A cost-benefit analysis is a process by which business decisions are analyzed. The benefits of a given situation or business-related action are summed, and then the costs associated with taking that action are subtracted. 

Prior to erecting a new plant or taking on a new project, prudent managers conduct a cost-benefit analysis as a means of evaluating all the potential costs and revenues that may be generated if the project is completed. The outcome of the analysis will determine whether the project is financially feasible or if another project should be pursued.

Cost and benefits of FDI can be classified as two

  • Cost and Benefits of the Host Country
  • Cost and Benefits of the investing MNC

Benefits of Host Country

Improving the balance of payments

Inward investment will usually help a country's balance of payments situation. The investment itself will be a direct flow of capital into the country and the investment is also likely to result in import substitution and export promotion. Export promotion comes due to the multinational using their production facility as a basis for exporting, while import substitution means that products previously imported may now be bought domestically.

Providing employment

FDI will usually result in employment benefits for the host country as most employees will be locally recruited. These benefits may be relatively greater given that governments will usually try to attract firms to areas where there is relatively high unemployment or a good labour supply

Source of tax revenue

Profits of multinationals will be subject to local taxes in most cases, which will provide a valuable source of revenue for the domestic government.

Technology transfer

Multinationals will bring with them technology and production methods that are probably new to the host country and a lot can therefore be learnt from these techniques. Workers will be trained to use the new technology and production techniques and domestic firms will see the benefits of the new technology.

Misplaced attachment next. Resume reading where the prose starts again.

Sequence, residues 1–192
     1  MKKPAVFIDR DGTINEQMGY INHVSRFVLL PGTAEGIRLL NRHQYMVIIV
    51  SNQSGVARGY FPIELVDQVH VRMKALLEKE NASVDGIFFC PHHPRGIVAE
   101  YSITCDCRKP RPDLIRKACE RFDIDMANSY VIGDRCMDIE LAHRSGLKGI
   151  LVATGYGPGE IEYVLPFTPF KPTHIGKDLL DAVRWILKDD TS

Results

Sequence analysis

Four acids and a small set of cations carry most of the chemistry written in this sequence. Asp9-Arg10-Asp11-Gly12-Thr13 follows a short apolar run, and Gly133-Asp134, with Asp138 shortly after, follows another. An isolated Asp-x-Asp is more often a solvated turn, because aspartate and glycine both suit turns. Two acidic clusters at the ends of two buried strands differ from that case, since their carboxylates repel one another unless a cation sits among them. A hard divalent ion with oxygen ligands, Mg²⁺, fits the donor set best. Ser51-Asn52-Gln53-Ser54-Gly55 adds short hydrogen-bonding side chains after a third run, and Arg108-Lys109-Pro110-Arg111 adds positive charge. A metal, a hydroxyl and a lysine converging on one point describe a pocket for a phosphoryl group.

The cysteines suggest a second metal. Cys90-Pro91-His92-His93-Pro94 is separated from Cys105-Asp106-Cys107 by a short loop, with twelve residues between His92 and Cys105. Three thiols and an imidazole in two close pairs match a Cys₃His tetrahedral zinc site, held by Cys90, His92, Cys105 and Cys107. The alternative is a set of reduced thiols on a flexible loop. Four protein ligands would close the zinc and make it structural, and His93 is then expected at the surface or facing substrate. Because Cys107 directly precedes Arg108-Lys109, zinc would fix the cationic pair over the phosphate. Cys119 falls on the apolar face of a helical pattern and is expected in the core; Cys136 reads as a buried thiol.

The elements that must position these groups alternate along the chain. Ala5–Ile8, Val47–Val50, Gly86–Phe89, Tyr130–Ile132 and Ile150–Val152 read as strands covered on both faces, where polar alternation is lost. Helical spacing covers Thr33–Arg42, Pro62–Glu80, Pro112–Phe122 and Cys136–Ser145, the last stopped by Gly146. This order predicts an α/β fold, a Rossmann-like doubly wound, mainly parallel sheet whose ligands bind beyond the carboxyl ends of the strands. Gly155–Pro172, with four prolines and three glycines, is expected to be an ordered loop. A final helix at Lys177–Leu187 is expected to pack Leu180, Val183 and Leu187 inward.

This process is known as technology transfer

  • Building of economic and social infrastructure.
  • Strengthening of the government Stimulation of national economy
  • The presence of one multinational may improve the reputation of the host country and other large corporations may follow suite and locate as well

Costs of the Host Country

  • Cultural and political interference.
  • Unhealthy competition to Domestic players
  • Over utilization of local resources (both natural and human resources)
  • Violation of human rights (child labor the case of NIKE in Vietnam, APPLE in China etc)
  • Threat to indigenous technology.
  • Threat to local prducts.

Benefits of Investing MNCs

Access to markets

FDI can be an effective way for you to enter into a foreign market. Some countries may extremely limit foreign company access to their domestic markets. Acquiring or starting a business in the market is a means for you to gain access

Access to resources 

FDI is also an effective way for you to acquire important natural resources, such as precious metals and fossil fuels. Oil companies, for example, often make tremendous FDIs to develop oil fields.

Reduces cost of production

FDI is a means for you to reduce your cost of production if the labor market is cheaper and the regulations are less restrictive in the target foreign market. For example, it's a well-known fact that the shoe and clothing industries have been able to drastically reduce their costs of production by moving operations to developing countries.

Its also likely that Investors may get investment incentives, promotion, social amenities.

Costs to Investing MNCs

  • Risk from Political Changes. Because political issues in other countries can instantly change, foreign direct Investment is very risky. Plus, most of the risk factors that you are going to experience are extremely high.
  • Hindrance to Domestic Investment. As it focuses its resources elsewhere other than the investor‘s home Country, foreign direct investment can sometimes hinder domestic investment
  • Economic Non-Viability. Considering that foreign direct investments may be capital-intensive from the point of view of the investor, it can sometimes be very risky or economically non-viable.
  • Measured in terms of cash flows. The estimation of the cash inflows and cash outflows mainly depends on future uncertainties. The risk associated with each project must be carefully analyzed and sufficient provision must be made for covering the different types of risks.
  • Expropriation. Remember that political changes can also lead to expropriation, which is a scenario where the government will have control over your property and assets. Investment abroad takes away employment opportunities of the people in the home country.